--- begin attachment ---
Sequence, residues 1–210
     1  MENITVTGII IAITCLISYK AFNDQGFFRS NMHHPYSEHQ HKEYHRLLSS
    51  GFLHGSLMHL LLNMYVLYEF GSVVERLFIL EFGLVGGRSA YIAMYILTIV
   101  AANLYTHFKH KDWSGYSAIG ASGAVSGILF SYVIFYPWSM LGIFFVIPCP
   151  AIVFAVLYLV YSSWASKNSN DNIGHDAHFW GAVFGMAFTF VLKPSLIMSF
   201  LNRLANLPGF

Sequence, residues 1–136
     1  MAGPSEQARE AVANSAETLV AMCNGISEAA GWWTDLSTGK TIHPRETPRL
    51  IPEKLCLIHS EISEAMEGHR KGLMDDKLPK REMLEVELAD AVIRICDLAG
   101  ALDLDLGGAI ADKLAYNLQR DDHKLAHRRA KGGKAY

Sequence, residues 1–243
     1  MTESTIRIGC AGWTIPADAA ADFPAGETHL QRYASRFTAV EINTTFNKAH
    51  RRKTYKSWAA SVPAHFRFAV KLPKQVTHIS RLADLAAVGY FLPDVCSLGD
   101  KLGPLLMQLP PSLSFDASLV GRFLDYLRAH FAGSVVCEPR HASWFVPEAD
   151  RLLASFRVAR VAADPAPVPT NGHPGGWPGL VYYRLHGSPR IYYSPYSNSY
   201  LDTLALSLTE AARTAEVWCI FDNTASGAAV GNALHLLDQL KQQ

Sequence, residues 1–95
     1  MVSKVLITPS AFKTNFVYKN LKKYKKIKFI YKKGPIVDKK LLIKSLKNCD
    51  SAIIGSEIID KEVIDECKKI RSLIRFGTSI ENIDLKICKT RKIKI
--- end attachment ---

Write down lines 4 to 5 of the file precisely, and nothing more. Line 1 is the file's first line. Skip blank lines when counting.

   101  AANLYTHFKH KDWSGYSAIG ASGAVSGILF SYVIFYPWSM LGIFFVIPCP
   151  AIVFAVLYLV YSSWASKNSN DNIGHDAHFW GAVFGMAFTF VLKPSLIMSF